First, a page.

Carl's Teaching Blog

A place to talk about teaching and learning

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Additional thoughts from the #TMCequity conversation #TMC17

During last week’s TMC conference a lunchtime conversation was held on the second day that gave people a place to air the thoughts that followed from Grace Chen’s keynote. During this conversation notes were taken, a hashtag was spawned, and a number of avenues for further conversations were discussed. The entirety of the conversation was captured in the notes from Norma Gordon. This post contains some additional notes and threads from the conversation that may be valuable to some people. If it’s valuable to you, please leave a note in the comments.

  • Tracking was a considerable problem in a number of schools. Black and Hispanic students make a disproportionate number of students in certain classes lower level. Many people present also spoke about the lack of Black and Hispanic in Physics and other advanced classes, in ways that were very disproportionate to the actually student populations.
  • Bringing up the issues among adults at their schools sounded difficult for many. Having a real conversation about the issue in play in all of people’s schools is uncomfortable. However, sitting there and letting it happen is also uncomfortable. How do you help your staff step up to the challenge?
  • “Pushing” and “Pulling” were terms used by a group of people. This was brought up by a teacher who worked at a school with primarily children of color before switching to primarily white students described. When he was working with Children of color, the pushing was advocacy for them. He was using his position of privilege to push their voices forward and up. Now that he is teaching primarily white kids, his advocacy work is one of using his position of privilege to pull in influences that they might not otherwise have seen or heard. Many other teachers referred to having to push or pull in their contexts.
  • Another teacher who works with primarily white students said began to challenge some systems that many students are taking for granted. When students bring up news events, teachers could use this as an opportunity to help students understand the unacknowledged privileges they benefit from.
  • Some teachers wondered what kind of things are microaggressions? On one hand,  what are the thing we may be doing that we can change. On the other hand, what are things that students may face outside of school and how can we help them respond to those things.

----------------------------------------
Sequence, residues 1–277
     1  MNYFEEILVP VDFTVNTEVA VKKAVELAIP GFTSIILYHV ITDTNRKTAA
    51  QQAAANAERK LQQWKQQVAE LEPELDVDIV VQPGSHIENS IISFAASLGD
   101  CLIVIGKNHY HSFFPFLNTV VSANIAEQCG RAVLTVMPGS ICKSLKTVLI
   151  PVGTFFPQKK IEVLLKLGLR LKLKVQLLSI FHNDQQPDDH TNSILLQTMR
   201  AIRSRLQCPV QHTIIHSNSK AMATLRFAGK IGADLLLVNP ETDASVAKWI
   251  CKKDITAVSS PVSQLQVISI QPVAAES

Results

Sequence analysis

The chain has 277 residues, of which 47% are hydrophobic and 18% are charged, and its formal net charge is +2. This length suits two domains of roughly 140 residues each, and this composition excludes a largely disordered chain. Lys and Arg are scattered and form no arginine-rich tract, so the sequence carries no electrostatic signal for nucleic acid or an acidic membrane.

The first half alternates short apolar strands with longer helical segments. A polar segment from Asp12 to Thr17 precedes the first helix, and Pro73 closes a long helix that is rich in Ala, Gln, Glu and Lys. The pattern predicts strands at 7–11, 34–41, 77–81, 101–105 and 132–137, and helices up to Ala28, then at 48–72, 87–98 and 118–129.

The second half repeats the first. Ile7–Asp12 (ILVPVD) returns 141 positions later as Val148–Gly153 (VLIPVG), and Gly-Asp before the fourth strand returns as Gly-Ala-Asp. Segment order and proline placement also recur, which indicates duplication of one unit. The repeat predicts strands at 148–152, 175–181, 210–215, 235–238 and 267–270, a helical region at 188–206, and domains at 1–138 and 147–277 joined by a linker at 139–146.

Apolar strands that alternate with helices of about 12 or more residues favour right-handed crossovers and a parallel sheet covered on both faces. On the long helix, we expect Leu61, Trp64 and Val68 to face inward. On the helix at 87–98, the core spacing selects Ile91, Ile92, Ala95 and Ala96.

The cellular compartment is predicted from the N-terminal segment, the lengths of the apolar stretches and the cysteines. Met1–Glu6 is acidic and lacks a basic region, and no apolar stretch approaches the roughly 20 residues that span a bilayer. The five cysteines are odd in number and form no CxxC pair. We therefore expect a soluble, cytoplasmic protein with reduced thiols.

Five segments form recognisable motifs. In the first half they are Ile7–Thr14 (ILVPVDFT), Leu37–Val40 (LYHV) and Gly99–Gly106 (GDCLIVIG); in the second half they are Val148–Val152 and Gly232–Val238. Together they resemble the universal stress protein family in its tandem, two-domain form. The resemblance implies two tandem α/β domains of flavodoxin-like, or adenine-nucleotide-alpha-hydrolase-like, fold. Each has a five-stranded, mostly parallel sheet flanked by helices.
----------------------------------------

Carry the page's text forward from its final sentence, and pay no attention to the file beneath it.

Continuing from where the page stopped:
• When and where can I use white privilege? When do I use it, when do I stand back, and how do I balance? When do I know how to validate or amplify or sit back and let others talk? Asking is the only sure way to know, so how do people know that asking is ok?
  • Someone pointed out that rape is a problem that needs be talked about among men in order to be fully addressed. Similarly issues of race needs to be talked about and unpacked among groups of white people to ensure that they won’t continue to affect our communities.
  • One teacher worked with her students on unpacking the stereotypes that students may have adopted around certain people or neighborhoods with students. Unpacking where these beliefs come form and how little is based in reality was valuable and sounded like an easier conversation to have with students.

Possible next steps

  • A number of books were listed in the google doc. Teachers having a book talk on twitter was suggested.
  • It might be good for us to also study stereotypes, and mabe use voxer to have a conversation, as spoken word may avoid the misunderstanding that can happen when only text is used.

Clog: The circles keep going

We did our fourth circle in the cycle, and things are now rolling right along. These circles, which are covered in an earlier post, involve me and the kids sitting around in the circle talking to each other. The kids are all pretty used to the routine, and I keep coming up with ways to relate it to what we are learning. It isn’t going to stop any time soon, so what better time for a little update!